We stayed for a couple of nights, and during the day got to visit all the exhibits and look around the town. But even better, in the evenings, the staff locked up the museum gates and we were left all alone. We had a special key so we could get in and out, but I loved wandering around the museum with the dogs, taking a close up look at the old terraced houses, the heavy port equipment, the boats themselves. It was kind of spooky although I did not see any ghosts. I could, however, imagine the dock workers busy in the docks, and the boat owners, living in their tiny cabins, behind a large barge full of coal or grain.

We are nearing the end of our six month narrowboat trip for this year, and this was a great experience to add to the memories. A night at the museum may not have been quite like in the movies but it was something very special nevertheless.

Welcome to the wonderful city of Chester

This week we took the Shropshire Union canal down into Chester, an ancient city that grew up from a Roman garrison settlement called Deva. The Romans built it here because it was roughly in the middle of the area of the UK they had conquered, it had good Roman road connections, and at the time it had good access to the sea through the river Dee. After the Romans, it continued as a successful medieval port city, and the Normans developed it further with a castle, a large cathedral and extended city walls.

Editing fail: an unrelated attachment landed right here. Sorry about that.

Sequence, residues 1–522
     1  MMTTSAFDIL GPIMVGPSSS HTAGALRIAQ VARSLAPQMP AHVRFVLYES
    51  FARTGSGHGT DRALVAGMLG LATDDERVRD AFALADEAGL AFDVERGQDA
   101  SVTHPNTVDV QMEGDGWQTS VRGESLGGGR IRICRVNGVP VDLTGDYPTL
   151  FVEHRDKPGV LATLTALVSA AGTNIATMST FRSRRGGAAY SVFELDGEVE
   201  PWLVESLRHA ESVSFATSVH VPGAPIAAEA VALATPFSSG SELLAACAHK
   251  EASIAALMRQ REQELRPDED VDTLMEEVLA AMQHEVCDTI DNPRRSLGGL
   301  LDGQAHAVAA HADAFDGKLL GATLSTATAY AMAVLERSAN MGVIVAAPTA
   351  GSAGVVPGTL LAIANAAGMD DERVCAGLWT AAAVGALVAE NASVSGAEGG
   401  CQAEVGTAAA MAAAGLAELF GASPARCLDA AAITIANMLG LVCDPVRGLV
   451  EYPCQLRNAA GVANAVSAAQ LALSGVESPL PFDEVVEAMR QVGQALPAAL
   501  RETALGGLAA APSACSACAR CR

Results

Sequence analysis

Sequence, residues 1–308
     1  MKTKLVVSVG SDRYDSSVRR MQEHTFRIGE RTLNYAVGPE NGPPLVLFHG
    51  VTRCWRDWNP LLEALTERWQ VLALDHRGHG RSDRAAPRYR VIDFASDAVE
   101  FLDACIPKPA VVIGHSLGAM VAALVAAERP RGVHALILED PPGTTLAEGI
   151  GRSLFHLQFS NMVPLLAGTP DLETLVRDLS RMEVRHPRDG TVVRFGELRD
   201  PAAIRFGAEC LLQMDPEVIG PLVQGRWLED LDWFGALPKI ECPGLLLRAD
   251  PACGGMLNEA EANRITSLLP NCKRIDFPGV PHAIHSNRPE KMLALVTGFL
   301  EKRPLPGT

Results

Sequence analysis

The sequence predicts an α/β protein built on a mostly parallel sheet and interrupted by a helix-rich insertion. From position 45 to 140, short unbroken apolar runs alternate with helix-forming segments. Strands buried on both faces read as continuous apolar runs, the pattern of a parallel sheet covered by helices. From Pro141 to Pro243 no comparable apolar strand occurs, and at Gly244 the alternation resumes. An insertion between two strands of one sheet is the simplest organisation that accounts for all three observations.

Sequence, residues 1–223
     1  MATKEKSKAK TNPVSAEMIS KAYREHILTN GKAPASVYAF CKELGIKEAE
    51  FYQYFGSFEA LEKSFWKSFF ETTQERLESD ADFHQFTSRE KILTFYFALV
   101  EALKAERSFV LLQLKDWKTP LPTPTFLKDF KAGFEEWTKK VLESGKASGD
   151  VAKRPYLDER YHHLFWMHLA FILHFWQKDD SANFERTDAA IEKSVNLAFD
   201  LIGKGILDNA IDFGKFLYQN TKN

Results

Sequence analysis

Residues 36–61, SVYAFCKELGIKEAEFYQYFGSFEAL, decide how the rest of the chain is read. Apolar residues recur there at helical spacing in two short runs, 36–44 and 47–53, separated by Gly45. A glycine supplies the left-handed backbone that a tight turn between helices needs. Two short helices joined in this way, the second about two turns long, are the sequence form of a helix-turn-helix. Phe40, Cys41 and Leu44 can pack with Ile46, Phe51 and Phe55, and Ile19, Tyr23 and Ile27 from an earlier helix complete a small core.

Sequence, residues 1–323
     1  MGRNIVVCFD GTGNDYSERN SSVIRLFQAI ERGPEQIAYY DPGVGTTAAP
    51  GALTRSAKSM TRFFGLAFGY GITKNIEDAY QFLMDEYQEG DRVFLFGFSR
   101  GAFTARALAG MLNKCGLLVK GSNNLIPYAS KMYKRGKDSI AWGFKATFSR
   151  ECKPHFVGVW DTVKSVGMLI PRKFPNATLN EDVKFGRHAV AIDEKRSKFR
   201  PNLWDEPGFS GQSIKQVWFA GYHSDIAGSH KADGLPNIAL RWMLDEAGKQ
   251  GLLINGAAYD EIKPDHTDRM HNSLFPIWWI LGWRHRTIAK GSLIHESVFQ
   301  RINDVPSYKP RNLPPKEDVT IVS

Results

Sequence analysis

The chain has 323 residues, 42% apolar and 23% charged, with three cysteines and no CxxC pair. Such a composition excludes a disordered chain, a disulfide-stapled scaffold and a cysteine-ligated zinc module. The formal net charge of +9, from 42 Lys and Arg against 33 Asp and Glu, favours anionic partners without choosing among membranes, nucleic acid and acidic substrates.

Along the city walls, overlooking the canal.

These walls are possibly what Chester is most famous for. I walked a couple of times all the way around them, there are fine views across the countryside up to the Wirral and down to Wales. You can look down on Chester racecourse. You can see the Roman amphitheatre and ruined columns in a garden. The north side has the canal running alongside, utilising what once would have been a moat.